Saturday, May 6, 2017

Atheists And The Big Fear of It Being There - Hate Mail

I got a long message which I've got to answer but which I will not publish because it is full to the brim with personal and professional invective against living people and some dead ones.   If you people would control your baser volitions I would publish your comments.

First, I didn't state any theological arguments flowing from what people like Denis Noble, Lynn Margulis and James Shapiro said, as far as I know all of them are atheists - I didn't check - or, at least, know what I do, that science isn't equipped to make arguments related to the existence or non-existence of God.

Second, atheists have made all kinds of claims for science being able to do that, since before but especially after the publication of Origin of Species, scientists starting with those within Darwin's inner circle, and, clearly - based on that letter of 1881 which I posted last week, Darwin, himself asserted theological consequences for natural selection, some of them in books considered classics of the scientific literature.  Those arguments are as obviously a scientifically unwarranted extension of what the science can legitimately say about how the physical world operates as any claims that they support a case for making science "prove" the existence of God.  In that, by an enormous percent and by extreme extravagance of claims, atheists have been entirely more guilty than religious people have, especially religious scientists and others with some knowledge of the problem.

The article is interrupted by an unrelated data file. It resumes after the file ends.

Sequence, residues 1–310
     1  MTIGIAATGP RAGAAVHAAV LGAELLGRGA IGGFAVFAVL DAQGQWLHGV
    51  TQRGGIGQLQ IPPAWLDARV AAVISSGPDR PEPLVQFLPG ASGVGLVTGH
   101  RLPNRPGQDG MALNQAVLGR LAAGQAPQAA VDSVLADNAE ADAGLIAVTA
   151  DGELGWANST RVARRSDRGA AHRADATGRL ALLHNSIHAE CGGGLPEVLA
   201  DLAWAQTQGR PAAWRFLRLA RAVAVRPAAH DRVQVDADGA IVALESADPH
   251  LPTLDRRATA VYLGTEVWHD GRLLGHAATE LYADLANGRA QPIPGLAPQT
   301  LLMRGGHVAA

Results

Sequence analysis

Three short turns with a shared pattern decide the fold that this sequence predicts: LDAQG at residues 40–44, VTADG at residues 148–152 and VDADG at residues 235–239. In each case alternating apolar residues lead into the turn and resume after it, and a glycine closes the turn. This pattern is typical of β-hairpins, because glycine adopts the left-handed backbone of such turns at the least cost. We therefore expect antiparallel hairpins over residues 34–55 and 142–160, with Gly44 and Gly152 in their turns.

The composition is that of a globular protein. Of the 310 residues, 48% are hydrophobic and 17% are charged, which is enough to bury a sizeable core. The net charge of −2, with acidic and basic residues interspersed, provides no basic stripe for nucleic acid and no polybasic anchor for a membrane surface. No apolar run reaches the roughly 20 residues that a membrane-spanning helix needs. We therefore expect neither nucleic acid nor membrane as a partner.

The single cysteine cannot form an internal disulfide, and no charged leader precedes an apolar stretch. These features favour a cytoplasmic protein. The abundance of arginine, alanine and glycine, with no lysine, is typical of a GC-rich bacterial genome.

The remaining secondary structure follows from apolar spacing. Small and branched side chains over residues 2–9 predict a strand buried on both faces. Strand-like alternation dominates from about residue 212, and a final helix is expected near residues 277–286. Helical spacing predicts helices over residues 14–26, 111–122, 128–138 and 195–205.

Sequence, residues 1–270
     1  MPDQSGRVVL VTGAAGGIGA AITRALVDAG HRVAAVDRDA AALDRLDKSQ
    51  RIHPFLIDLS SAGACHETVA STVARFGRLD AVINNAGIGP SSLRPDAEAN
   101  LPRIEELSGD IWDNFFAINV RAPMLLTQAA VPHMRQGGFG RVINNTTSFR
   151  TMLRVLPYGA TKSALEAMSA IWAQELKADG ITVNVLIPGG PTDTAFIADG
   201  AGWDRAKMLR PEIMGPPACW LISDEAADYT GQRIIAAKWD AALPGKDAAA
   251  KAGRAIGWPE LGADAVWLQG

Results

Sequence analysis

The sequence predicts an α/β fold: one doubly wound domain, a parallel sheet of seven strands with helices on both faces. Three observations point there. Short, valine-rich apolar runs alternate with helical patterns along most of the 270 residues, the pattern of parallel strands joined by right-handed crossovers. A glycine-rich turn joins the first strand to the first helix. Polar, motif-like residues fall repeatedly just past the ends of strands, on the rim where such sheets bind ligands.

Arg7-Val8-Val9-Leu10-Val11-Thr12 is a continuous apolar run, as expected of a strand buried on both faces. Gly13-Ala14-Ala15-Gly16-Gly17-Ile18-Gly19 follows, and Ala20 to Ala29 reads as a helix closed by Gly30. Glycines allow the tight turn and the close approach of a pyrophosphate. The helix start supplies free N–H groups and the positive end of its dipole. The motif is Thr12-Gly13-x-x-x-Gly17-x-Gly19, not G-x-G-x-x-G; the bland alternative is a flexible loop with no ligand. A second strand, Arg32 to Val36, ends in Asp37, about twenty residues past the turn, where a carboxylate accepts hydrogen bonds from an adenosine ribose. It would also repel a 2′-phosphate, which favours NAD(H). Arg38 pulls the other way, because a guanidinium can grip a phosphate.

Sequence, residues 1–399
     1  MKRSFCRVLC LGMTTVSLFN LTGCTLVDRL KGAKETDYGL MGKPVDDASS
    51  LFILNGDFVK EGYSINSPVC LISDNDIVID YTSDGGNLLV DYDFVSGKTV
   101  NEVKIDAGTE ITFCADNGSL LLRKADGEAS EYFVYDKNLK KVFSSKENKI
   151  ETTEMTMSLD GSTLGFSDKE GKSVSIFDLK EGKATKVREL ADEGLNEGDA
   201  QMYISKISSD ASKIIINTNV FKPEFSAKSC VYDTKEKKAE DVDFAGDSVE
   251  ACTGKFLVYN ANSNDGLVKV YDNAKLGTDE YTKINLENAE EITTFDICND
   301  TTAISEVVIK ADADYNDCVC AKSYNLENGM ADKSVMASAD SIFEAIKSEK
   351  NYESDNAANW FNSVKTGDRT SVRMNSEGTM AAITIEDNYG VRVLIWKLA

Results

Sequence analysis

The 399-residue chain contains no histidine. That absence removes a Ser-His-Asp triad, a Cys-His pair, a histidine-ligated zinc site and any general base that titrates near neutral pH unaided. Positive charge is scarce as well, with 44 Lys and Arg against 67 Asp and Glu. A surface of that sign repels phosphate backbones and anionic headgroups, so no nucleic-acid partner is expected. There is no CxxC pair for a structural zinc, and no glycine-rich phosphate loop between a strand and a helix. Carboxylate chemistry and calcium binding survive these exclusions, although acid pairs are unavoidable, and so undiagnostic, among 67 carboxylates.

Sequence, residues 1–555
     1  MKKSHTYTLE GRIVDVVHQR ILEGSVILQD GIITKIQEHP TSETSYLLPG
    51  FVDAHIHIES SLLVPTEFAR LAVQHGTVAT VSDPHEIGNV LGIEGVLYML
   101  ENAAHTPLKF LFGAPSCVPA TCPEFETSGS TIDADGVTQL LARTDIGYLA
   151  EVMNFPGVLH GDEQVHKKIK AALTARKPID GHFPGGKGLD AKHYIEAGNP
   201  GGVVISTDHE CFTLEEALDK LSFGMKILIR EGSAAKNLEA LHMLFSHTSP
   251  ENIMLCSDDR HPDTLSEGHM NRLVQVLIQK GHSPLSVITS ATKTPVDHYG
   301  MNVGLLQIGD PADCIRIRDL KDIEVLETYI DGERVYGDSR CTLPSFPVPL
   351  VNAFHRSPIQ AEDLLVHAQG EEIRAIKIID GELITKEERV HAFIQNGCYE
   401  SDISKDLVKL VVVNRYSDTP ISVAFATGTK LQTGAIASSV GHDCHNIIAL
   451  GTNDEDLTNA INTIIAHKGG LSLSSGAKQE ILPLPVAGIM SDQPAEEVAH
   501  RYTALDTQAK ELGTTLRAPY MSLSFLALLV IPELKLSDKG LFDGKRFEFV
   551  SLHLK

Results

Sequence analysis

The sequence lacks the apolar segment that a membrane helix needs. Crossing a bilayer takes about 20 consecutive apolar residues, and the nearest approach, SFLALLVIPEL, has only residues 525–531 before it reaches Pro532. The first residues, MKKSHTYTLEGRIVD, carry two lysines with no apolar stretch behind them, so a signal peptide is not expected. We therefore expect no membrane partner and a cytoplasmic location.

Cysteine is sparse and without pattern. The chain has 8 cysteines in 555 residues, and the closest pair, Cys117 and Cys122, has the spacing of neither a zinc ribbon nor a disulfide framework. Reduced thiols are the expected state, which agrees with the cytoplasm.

Third, outside of science, anyone is free to do what atheists do within science, take their cues from what science has discovered and to make arguments outside of science using that information.  Since atheists have inserted those kinds of arguments into scientific activity*, scientists such as Haeckel, Huxley, Galton, Oparin, Urey, Miller, ... and right up to those today such as Dawkins and Hawking, others not purporting their arguments or conclusions to be science are justified in coming to and publishing their conclusions using the information that science generally puts out.  Of course, they should do what celebrity and would-be-celebrity atheists seldom do, be responsible and honest and parsimonious in what they assert.

One of the reasons that an atheist fanatic like Jerry Coyne is so worked up about the thinking of such scientists as Noble and Shapiro is that the simple, molecule-based reductionist arguments of neo-Darwinism were simple and could be easily turned into simple arguments for atheism.  That, with far more information than went into that neo-Darwinian synthesis becoming available in recent decades, the neo-Darwinian explanation of evolution would seem to be quite inadequate to address that new information is clearly of secondary importance to such atheist ideologues than the fact that their preferred model is outmoded.  I really think that Jerry Coyne and Richard Dawkins have always been primarily motivated by their hatred of religion, not science.